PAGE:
'Trade secret' means [(1)] information, including but not limited to, technical or non-technical data, a formula, pattern, compilation, program, device, method, technique, drawing, process, financial data, or list of actual or potential customers or suppliers, that: [(2)] is sufficiently secret to derive economic value, actual or potential, from not being generally known to other persons who can obtain economic value from its disclosure or use; and [(3)] is the subject of efforts that are reasonable under the circumstances to maintain its secrecy or confidentiality. 765 Ill. Comp. Stat. 1065/1.

The court must accept as true the allegations of the complaint and draw all reasonable inferences in favor of plaintiff on a 12(b)(6) motion. See Pisciotta v. Old Nat'l Bancorp, 499 F.3d 629, 633 (7th Cir. 2007) (internal citation omitted). Gallerie One pleads that the customer list is a trade secret, and the court therefore assumes that the list is a thing of value. See 765 Ill. Comp. Stat. 1065/1. However, Gallerie One also alleges that it sent the list to Tufenkian for use in a direct mail program entitled "Variations by Barbara Barry." Disclosure of a "trade secret to others who are under no obligation to protect the confidentiality of the information," extinguishes the right to trade secret protection. Ruckelshaus v. Monsanto Co., 467 U.S. 986, 1002 (1984), Skoog v. McCray Refrigerator Co., 211 F.2d 254, 257 (7th Cir. 1954) (the property right was extinguished and treated as a public disclosure, despite alleged limited disclosure to the plaintiff). Here, Gallerie One failed to plead facts alleging that the parties had a confidentiality agreement, or that Tufenkian N.Y. had a legal obligation created by contract or law, requiring it to maintain the secrecy of the customer list. Moreover, the Complaint does not allege that any steps were taken to ensure that the list would remain confidential. See Ackerman v. Kimball Intn'l, 634 N.E.2d 778 (Ind. Ct. App. 1994) (Plaintiff is required to take "efforts reasonable under the circumstances to maintain the secrecy of the customer lists"). Because the Complaint alleges disclosure of the trade secret, but does not plead any facts related to an agreement to protect plaintiff's information, Gallerie One's trade secret claim is not plausible on its face. See Bell Atlantic Corp. v. Twombly, 550 U.S. 544, 570, 2007, see also Brooks v. Ross, 578 F.3d 574, 580 (7th Cir. Ill. 2009). Count VI is dismissed without prejudice.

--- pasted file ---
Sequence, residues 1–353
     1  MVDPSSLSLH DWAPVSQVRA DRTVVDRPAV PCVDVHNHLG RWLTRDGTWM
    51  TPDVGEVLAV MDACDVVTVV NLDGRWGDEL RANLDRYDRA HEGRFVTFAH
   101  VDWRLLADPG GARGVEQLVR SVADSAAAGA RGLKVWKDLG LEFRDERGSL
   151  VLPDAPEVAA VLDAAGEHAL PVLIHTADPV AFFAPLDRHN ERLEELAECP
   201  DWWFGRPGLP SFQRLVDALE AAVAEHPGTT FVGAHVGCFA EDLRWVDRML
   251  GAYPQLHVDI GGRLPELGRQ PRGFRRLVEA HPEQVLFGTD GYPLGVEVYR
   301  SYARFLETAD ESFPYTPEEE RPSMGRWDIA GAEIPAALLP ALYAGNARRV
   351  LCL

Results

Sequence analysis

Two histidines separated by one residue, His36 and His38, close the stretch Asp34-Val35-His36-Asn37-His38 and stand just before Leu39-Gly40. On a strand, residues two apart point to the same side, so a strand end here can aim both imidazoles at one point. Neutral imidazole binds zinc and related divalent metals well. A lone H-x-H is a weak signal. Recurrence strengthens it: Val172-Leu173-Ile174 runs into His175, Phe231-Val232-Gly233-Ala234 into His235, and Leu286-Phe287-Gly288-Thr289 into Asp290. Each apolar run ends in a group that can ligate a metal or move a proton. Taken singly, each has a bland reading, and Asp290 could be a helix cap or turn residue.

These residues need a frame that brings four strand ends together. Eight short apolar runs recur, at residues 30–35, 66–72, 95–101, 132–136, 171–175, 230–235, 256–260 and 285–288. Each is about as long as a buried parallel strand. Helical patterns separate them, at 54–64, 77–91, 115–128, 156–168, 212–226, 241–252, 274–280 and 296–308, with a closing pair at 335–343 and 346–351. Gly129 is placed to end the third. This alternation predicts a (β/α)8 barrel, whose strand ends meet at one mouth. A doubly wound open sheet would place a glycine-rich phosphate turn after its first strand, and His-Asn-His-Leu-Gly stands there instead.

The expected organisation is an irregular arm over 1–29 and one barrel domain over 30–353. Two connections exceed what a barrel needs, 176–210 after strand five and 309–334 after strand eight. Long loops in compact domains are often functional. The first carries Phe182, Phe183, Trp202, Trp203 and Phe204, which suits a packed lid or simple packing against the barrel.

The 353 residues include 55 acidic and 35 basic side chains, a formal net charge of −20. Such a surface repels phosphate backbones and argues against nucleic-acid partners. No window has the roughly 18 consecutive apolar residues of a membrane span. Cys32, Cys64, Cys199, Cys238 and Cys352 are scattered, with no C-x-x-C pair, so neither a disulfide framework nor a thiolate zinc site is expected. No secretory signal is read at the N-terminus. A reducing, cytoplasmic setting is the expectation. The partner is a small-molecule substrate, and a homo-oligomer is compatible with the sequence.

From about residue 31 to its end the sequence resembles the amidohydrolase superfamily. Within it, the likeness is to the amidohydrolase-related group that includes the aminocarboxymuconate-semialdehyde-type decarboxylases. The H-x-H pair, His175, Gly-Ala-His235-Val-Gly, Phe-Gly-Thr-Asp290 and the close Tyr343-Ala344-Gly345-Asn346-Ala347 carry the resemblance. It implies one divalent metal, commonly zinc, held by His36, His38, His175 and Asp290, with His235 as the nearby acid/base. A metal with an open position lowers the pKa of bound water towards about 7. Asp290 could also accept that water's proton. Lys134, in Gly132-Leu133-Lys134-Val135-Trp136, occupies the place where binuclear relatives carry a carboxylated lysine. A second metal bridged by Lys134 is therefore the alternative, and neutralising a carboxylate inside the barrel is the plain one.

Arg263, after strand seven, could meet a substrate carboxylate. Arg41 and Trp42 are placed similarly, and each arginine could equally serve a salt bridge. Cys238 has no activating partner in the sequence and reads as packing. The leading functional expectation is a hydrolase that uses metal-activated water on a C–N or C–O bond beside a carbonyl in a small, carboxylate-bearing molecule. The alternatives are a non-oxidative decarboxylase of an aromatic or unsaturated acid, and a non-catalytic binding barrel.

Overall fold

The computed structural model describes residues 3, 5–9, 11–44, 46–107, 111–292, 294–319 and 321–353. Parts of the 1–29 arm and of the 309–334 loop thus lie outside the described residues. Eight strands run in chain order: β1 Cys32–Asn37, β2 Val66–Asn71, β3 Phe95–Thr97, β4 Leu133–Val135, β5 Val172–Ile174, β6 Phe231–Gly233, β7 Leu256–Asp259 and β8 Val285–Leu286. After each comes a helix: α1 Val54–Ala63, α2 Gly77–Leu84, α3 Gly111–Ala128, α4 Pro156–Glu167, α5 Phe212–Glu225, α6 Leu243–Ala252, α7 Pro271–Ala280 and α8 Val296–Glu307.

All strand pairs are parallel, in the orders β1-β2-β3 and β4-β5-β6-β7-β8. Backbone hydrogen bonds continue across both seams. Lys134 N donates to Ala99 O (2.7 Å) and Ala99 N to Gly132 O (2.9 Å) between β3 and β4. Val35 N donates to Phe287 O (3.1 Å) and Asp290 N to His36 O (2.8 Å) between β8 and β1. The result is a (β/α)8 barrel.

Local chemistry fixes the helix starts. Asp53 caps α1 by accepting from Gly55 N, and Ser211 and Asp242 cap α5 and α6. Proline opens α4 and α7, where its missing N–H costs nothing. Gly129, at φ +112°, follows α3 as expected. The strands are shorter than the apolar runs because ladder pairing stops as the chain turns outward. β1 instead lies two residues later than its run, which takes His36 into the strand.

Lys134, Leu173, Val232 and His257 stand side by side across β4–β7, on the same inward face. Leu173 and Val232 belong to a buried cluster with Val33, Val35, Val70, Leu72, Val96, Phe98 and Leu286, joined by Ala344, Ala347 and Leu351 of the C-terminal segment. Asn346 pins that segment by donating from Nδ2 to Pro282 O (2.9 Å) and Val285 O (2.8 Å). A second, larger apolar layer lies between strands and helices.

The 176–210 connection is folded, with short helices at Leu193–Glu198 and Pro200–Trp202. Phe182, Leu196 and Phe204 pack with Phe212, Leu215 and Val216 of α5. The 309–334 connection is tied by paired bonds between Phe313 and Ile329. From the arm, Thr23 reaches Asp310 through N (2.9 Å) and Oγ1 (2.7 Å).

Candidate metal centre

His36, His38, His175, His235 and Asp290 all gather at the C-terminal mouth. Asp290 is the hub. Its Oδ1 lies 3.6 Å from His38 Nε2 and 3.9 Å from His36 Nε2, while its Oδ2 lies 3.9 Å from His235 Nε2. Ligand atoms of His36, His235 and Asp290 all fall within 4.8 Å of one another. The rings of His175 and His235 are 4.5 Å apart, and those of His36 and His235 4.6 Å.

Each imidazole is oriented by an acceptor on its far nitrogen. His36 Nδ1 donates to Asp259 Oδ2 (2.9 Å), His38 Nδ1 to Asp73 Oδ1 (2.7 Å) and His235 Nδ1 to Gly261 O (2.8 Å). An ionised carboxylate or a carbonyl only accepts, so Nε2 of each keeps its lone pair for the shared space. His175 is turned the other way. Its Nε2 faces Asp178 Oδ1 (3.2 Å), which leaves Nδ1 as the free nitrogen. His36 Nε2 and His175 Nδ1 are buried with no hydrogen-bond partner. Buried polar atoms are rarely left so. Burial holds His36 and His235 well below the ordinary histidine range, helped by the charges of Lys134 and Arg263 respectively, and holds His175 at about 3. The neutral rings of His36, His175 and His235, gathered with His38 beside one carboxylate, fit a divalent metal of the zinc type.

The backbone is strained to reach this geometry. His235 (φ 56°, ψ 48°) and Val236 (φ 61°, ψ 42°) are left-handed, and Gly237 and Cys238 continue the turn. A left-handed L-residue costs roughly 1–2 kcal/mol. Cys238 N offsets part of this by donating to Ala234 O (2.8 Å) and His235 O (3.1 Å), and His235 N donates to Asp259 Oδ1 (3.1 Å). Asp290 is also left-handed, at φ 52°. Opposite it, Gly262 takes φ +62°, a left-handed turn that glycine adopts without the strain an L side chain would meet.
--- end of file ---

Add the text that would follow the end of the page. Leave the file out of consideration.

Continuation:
B. Count VII -- Deceptive Business Practices Claim

The Complaint alleges that Tufenkian's conduct violated the Illinois Deceptive Trade Practices Act (the "DPA"). According to the DPA, "A person engages in a deceptive trade practice when, in the course of his or her business, vocation, or occupation, the person. causes likelihood of confusion or of misunderstanding as to affiliation, connection, or association with or certification by another." 815 Ill. Comp. Stat. 510/2. Gallerie One alleges that there is a likelihood of confusion between Gallerie One, which sold Tufenkian products, and the competitor store in Merchandise Mart named "Tufenkian Artesian Carpets," and that this confusion of connection or association violates the DPA.

The standard for "likelihood of confusion or misunderstanding" in the DPA is the same as the standard in trademark infringement cases. See Rock-A-Bye Baby, Inc. v. Dex Products, Inc., 867 F.Supp. 703, 713 (N.D. Ill. 1994). "Likelihood of confusion" exists when the defendant's use of a deceptive trade name, trademark, or other distinctive symbol is likely to confuse or mislead consumers as to the source or origin of the product or service. See J. Gilson, Trademark Protection and Practice, ยง ...